Plane Carrying Brazilian Soccer Team Skipped Refuel Stop Before Deadly Crash
A representative for the airline that owns the plane said the pilot decided to fly directly to Medellín instead of making a refueling stop in Bogotá.
The passenger jet that crashed in Colombia on Monday, killing 71 people onboard, was supposed to stop and refuel in Bogotá, a representative for the airline said, but the pilot decided to make the trip on a single haul.
The pilot's decision turned out to be a fatal mistake as the aircraft ran out of fuel and crashed into the Andes eight miles away from the airport, killing all but six passengers who survived the deadly crash.
The flight took off from Santa Cruz, Bolivia, and was carrying members of Brazil's Chapecoense soccer team, which was scheduled to participate in the Copa Sudamerica finals in Medellín, Colombia.
The aircraft was scheduled to land and refuel in Bogotá, but the pilot thought he had enough fuel for the trip, Gustavo Vargas, a representative for the airline LaMia told Pagina Siete, a Bolivian newspaper.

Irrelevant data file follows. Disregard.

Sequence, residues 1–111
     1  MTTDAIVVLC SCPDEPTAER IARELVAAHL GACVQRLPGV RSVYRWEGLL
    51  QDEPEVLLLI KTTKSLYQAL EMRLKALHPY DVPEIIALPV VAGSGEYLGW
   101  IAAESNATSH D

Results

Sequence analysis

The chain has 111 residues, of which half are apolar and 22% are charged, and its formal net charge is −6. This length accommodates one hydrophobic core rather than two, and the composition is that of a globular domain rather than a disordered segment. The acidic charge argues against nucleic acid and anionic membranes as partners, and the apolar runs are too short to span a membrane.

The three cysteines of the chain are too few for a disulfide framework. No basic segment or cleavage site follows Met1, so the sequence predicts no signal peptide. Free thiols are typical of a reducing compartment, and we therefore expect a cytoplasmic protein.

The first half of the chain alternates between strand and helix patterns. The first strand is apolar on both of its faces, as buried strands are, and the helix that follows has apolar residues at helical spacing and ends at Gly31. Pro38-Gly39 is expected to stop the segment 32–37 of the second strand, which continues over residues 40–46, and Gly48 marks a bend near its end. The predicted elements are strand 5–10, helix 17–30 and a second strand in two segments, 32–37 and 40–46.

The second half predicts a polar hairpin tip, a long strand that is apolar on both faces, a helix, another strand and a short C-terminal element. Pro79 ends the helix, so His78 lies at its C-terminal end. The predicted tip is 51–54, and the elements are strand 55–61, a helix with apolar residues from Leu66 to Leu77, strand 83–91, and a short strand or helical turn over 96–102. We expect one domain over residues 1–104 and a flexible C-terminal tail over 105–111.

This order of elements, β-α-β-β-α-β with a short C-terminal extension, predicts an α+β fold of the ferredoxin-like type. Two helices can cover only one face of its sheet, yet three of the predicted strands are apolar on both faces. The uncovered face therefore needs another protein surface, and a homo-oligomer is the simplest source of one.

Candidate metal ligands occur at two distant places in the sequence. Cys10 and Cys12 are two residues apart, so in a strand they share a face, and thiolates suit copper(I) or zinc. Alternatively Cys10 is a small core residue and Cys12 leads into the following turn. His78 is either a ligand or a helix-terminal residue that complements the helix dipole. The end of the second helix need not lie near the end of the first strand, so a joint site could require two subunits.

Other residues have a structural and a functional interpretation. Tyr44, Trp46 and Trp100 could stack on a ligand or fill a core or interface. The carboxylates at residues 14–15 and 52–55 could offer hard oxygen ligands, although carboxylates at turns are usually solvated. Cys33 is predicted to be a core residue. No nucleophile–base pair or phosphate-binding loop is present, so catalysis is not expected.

Instead, the pilot radioed to Medellín's international airport from eight miles away, stating that he was out of fuel and was experiencing "total electric failure" in the aircraft, according to leaked recordings of air traffic communications.
"The pilot made the decision not to enter (Bogotá airport) because he thought he had enough fuel," Vargas told Pagina Siete. "We're talking about a pilot with a lot of experience who did his training in Switzerland."
Vargas said the plane was an Avro RJ85, which, according to airliners.net, has a maximum range of about 1,900 miles on a full tank, or just over 1,300 miles with a maximum payload.
"We have to investigate why he made the determination to go directly to Medellín," Vargas said.